Why Does My Dog Have Welts All Over His Body?
What are Welts in Dogs?
Urticaria is the medical terms used to denote the presence of welts, also known as wheals or hives on a dog's skin. The skin rash presents with raised, red itchy bumps that typically cause a burning and itchy sensation. The welts can be localized on the dog's head, legs, belly or back or they can be widespread all over the dog's body. They may tend to come and go. Some dog owners describe the welts as appearing as dime sized bumps on the dog's skin.
While there are many causes of welts in dogs, they often tend to appear as a result of an acute (arising suddenly) allergic reaction. A common culprit can be vaccinations, which is why vets often recommend keeping an eye on the dog for the first few hours after receiving shots. Other causes are allergic reactions from exposure to certain types of plants, insect bites, household chemicals, medications, stress and foods. In some cases, the presence of welts may be indicative of medical conditions. This article will focus mainly on welts triggered by allergic reactions.
When it comes to allergic reactions, welts can form when there is direct contact with an irritant. In this case, it's called "contact dermatitis" and the allergic reaction is mostly localized to the area that got in contact with the allergen. The welts or rash will therefore show up often on dog feet and the belly area if the dog happens to lie down on the product. Inhaled allergens such as grass pollen, dust mites or mold can also cause welts.Insect bites can also be a culprit if the dog is allergic to them. However, some times, the actual trigger may be difficult to pinpoint and the underlying cause of the welts on dog skin remain a mystery. A veterinary dermatologist may test for some common allergens, but the process can be costly and challenging at times.
What Causes Welts?
When the dog's immune system reacts to an allergen, mast cells in his bloodstream release the chemical histamine. Histamine triggers small blood vessels under the dog's skin to leak. The accumulated fluid therefore forms large welts.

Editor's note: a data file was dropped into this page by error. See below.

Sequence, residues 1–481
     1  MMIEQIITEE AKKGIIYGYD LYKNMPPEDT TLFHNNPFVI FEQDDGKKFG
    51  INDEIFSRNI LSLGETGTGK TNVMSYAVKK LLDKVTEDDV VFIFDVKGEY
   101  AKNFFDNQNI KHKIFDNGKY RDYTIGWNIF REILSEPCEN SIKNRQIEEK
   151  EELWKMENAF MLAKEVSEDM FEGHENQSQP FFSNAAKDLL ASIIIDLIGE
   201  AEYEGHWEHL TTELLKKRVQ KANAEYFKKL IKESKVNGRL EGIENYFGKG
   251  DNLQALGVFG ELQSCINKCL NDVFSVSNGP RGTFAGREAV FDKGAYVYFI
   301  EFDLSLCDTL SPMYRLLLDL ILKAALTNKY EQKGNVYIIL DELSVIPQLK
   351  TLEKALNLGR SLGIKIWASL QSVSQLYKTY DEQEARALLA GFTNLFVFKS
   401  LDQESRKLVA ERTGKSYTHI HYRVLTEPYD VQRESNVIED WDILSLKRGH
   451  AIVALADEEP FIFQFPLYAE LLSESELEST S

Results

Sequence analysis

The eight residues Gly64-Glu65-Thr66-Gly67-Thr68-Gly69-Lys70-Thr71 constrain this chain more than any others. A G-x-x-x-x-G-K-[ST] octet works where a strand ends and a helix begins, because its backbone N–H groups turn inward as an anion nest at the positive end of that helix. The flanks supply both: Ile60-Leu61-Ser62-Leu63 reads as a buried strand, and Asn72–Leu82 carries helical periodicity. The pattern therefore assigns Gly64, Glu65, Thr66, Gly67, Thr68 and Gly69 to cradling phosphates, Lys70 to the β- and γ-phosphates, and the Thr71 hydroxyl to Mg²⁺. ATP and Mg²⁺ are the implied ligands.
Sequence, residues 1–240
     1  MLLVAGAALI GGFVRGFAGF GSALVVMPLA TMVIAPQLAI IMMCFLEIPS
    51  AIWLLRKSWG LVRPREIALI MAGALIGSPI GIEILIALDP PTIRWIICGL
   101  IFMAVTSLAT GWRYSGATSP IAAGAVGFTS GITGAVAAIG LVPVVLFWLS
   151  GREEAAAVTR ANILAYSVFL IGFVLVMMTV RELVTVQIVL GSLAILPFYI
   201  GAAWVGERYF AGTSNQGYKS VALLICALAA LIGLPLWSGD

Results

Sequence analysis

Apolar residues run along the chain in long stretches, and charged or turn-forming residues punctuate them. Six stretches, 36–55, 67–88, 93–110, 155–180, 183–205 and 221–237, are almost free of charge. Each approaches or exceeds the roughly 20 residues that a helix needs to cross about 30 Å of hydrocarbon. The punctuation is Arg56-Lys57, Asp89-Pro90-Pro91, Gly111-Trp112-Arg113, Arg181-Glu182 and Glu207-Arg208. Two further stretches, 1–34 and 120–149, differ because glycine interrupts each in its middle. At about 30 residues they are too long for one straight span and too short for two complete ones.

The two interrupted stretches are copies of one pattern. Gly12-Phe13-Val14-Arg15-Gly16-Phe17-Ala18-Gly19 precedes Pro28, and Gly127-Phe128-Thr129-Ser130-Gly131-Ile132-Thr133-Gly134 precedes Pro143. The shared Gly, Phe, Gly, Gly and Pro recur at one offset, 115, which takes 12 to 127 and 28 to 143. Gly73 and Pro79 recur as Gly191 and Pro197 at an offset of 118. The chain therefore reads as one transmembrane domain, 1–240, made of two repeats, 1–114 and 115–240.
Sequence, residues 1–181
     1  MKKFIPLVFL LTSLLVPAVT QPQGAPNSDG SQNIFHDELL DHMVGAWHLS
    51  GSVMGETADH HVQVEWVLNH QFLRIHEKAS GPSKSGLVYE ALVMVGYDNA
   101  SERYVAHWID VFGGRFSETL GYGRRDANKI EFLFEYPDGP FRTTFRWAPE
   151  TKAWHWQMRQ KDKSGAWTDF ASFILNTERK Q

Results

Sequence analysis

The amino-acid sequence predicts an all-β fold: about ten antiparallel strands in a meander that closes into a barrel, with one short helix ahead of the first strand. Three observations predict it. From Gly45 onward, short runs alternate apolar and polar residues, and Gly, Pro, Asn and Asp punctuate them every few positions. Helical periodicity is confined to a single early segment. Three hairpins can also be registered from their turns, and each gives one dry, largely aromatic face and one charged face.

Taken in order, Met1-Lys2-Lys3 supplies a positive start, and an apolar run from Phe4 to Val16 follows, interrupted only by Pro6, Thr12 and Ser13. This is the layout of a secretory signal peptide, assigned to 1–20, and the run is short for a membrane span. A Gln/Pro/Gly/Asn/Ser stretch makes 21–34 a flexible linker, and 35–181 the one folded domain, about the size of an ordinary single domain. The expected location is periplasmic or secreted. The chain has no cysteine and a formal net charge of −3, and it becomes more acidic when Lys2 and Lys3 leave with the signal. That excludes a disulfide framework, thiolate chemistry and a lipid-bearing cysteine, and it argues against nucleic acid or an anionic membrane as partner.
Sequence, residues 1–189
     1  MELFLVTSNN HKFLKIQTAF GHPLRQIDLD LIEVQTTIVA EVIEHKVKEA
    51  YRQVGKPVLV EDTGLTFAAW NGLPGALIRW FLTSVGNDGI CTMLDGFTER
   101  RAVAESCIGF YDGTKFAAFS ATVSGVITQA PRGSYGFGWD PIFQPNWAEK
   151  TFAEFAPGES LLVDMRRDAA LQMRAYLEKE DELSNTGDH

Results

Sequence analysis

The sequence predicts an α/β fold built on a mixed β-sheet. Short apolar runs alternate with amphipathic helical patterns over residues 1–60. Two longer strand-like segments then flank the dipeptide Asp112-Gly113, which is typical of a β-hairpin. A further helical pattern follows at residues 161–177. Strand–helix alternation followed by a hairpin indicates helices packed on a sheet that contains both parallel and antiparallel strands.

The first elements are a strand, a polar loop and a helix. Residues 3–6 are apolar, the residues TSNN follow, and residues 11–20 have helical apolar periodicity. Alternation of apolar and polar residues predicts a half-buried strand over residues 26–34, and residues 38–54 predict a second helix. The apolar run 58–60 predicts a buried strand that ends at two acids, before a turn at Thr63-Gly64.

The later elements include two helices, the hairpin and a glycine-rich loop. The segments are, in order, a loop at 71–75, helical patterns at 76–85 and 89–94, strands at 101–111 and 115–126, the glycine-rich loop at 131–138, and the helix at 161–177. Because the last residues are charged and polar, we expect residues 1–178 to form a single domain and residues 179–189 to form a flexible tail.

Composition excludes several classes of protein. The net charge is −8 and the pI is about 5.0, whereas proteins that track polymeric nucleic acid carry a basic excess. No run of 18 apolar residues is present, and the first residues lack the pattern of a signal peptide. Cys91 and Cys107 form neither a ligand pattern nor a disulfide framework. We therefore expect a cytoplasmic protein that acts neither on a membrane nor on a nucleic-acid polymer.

A Risk for Complications
One concern about welts is that they can sometimes be accompanied by swelling of the lips, nose and eyes (angioedema). Sometimes the eye swelling is so severe, the dog cannot open its eyes. These cases may require antihistamines and injectable steroids, but serious cases may sometimes spread to the throat (laryngeal edema) which can block the dog's airway and lead to anaphylactic shock. Other accompanying symptoms may include generalized symptoms such as vomiting, abdominal pain, diarrhea, shock, pale gums, cold legs, incoordination, collapse, convulsions, and death.
Time is of therefore of the essence here. According to the Merck Veterinary Manual dogs can die from anaphylaxis within minutes. These dogs need immediate vet attention for a shot of life-saving epinephrine. And for those curious to know, yes, they do make epi-pens for dogs!
Respiratory distress can occur if the angioedema involves the nares, larynx, or pharynx.— Karen A. Moriello, DVM, DACVD
Treatment for Welts in Dogs
In order to address welts in dogs, the underlying allergy needs to be addressed. Benadryl, is an anti-histamine which can help provide relief, as it blocks the release of histamine. According to veterinarian, Dr. Christine M, plain Benadryl (diphenhydramine) can be given at a dose of 1 mg per pound of body weight, every 12 hours until the dog's symptoms are gone. It's always best to consult with a vet before giving Benadryl to dogs and to discontinue its use should the dog show behavior changes such as excitement or lethargy. Benadryl should not be given to dogs suffering from glaucoma. Other medications given under vet prescription include Claritin (loratidine) and Atarax (hydroxyzine) given under the dosage and guidance of the vet.
Omega 3 fatty acids are also beneficial for the skin, but may take some time to kick in and provide relief. Veterinarian Dr. Kara recommends combining fatty acids and antihistamines as they appear to work in synergy, increasing their effectiveness compared to when either one is given alone.
Frequent bathing under the form of cool water baths may provide relief to minimize the time the allergen is in contact with the skin as in the case of dogs allergic to pollen and grass which accumulates on the skin. Oatmeal baths are soothing for dogs with allergies.
If the vet suspects the welts derive from a food allergy a special hypoallergenic diet may be recommended. This means no more table scraps or treats as the diet needs to be fed exclusively. Common prescription diets often contain novel proteins the dog has not been exposed to before and these diets need to be fed for at least 2 to 3 months or more for the effects to be seen.
Sometimes when dogs have rashes, the constant itching and scratching may cause lesions that cause secondary bacterial or yeast infections and dogs may require also a course of antibiotics. A vet will need to diagnose these secondary skin conditions though through a skin scrape. These secondary infections are often treated with antifungal or antibacterial shampoos such as chlorhexidene shampoo for bacterial infections and Malaseb for antifungal.
For severe reactions, steroids are sometimes given under the form of a shot or oral medication ( like prednisone) but these drugs can have annoying or severe side effects at times and they work by suppressing the immune system.. In some cases, the dog may develop welts again once the steroid is out of his system.
Disclaimer: this article is not meant to be used as a substitute for veterinary advice. If your dog has welts, please see your vet.